Usually Choose Same

In yesterday’s post, I argued that, when flipping two unfair discs (or coins), there is a greater chance that both discs will land with the same side up than different sides up. As pointed out in the comments, I was assuming that the probability of heads is equal for both discs:

Aren’t you assuming that p (and q=1-p) are the same for both discs? But isn’t it more reasonable to assume that, while no disc has a perfect p=0.5 probability of landing ‘heads’, the p’s of no two discs are likely to be the same? (Assume, perhaps, that each disc’s p is drawn independently from some kind of larger distribution, maybe dependent on something like manufacturing or the way the person throwing it holds it, before throwing).

What happens if we allow for different probabilities of heads on the two discs?


This is a graph of the probability of same for various probabilities of heads for each disc. The probabilities of heads on disc 1 is shown on the X-axis, and the probability of heads on disc 2 are 0.1, 0.3, 0.5, 0.7, and 0.9 (the five different lines). As you can see, the probability of same is greater than 0.5 when the two discs are biased in the same way (i.e., both have a probability of heads greater than 0.5, or both have a probability of heads less than 0.5). On the other hand, the probability of different is greater than 0.5 when the discs are biased in opposite directions (one with a probability of heads greater than 0.5, and one with a probability less than 0.5).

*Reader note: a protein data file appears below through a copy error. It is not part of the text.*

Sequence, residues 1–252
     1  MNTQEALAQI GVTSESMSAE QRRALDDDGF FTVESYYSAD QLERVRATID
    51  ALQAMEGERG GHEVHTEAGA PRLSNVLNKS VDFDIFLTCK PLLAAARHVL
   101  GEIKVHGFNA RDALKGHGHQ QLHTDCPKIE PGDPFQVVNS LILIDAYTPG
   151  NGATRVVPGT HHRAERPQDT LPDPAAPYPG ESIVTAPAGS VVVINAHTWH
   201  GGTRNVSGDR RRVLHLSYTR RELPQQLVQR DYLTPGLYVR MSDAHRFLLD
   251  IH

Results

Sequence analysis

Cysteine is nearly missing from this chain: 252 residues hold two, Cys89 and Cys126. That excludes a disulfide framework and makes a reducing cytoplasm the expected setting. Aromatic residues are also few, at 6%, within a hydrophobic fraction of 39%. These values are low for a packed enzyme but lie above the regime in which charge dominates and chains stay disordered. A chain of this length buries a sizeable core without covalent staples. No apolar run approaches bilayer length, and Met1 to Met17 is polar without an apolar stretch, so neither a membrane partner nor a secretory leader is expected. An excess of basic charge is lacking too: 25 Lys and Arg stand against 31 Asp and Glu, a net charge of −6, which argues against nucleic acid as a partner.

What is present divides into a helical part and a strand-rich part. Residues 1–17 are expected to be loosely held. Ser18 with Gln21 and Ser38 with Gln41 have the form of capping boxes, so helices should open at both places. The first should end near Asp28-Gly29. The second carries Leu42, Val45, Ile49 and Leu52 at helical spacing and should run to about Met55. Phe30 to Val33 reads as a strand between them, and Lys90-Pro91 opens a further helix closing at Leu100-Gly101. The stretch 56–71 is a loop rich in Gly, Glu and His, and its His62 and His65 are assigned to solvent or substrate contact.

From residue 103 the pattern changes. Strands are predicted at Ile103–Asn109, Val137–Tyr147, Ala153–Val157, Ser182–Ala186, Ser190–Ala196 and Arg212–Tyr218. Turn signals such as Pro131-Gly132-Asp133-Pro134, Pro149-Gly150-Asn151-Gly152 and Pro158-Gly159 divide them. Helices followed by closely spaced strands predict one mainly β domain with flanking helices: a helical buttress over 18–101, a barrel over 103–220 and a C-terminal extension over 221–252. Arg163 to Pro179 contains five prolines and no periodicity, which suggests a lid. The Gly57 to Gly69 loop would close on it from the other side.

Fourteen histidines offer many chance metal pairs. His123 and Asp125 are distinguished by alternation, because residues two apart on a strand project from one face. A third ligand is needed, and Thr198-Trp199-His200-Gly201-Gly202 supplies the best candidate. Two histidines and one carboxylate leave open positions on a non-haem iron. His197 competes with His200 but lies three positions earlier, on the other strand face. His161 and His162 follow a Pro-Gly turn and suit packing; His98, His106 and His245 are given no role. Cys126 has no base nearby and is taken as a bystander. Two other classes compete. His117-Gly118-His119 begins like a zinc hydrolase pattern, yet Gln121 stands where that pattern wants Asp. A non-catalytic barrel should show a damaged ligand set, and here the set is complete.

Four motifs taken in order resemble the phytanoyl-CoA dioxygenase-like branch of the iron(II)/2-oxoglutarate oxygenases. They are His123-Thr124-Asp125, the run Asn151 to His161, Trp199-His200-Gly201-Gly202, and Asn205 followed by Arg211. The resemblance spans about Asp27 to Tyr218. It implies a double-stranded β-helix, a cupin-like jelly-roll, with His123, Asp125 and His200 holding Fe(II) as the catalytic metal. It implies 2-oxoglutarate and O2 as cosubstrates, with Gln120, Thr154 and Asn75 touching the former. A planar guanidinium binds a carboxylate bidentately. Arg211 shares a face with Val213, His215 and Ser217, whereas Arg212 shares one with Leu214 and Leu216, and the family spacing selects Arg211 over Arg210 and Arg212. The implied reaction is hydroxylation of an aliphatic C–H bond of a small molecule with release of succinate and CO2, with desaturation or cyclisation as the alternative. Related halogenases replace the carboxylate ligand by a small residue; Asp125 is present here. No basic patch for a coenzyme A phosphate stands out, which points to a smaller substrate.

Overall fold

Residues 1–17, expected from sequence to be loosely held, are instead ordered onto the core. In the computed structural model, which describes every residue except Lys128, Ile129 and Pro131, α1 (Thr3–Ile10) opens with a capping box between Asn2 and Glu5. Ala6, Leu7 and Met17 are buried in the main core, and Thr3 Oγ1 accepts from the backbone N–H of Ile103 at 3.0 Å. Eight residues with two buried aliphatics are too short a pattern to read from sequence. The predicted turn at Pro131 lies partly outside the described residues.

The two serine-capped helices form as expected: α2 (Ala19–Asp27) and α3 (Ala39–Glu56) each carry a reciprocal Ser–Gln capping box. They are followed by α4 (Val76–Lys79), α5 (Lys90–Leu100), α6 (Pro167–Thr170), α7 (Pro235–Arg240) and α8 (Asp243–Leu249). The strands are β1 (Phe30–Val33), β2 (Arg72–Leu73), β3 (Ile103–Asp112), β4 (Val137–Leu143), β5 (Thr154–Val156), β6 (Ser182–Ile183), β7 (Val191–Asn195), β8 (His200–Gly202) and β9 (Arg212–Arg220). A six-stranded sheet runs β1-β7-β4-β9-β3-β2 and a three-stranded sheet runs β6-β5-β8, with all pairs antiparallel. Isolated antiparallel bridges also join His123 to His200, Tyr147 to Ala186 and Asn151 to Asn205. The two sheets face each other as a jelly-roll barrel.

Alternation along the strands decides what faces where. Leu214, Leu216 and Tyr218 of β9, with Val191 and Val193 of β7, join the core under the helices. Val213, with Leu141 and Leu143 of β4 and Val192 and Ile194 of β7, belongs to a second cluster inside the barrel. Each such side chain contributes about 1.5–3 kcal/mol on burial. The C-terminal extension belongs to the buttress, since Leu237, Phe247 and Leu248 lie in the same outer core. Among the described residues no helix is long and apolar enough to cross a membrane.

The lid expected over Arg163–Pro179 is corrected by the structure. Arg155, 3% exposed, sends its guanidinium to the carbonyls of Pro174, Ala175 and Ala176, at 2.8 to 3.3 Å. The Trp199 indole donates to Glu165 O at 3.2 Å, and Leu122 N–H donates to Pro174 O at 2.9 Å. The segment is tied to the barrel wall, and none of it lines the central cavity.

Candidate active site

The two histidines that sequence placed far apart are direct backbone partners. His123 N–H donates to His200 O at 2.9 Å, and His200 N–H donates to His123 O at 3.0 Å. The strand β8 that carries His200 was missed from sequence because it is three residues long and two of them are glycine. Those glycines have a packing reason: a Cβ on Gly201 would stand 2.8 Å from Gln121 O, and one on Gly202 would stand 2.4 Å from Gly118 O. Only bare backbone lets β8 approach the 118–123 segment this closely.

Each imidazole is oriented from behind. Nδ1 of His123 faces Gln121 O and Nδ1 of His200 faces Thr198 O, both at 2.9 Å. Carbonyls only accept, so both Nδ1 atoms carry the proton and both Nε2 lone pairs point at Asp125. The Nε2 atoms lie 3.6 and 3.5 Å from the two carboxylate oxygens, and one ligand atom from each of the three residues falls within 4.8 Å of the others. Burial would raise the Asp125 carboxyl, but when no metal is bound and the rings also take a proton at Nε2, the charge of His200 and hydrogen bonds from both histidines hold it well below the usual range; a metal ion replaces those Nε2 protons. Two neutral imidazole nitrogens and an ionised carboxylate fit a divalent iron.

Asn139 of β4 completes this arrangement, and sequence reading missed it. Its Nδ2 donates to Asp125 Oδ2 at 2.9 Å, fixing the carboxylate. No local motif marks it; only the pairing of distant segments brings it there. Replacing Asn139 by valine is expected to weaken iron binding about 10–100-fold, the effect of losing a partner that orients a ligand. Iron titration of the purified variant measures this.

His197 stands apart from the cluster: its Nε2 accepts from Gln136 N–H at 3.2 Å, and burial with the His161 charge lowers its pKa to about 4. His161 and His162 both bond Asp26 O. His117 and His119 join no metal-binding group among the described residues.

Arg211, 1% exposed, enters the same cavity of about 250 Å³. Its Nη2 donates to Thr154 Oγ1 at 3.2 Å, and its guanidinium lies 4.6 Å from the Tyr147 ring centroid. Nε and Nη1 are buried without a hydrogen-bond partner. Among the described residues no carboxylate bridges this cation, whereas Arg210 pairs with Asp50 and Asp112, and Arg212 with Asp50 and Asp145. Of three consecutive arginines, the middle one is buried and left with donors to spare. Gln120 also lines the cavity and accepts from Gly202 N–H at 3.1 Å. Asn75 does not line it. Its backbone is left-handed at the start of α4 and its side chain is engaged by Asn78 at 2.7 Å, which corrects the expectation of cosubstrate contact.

So, I say to all ultimate players out there, CHOOSE SAME if you think the discs have the same biases, and CHOOSE DIFFERENT if you think they are both biased, but in different directions.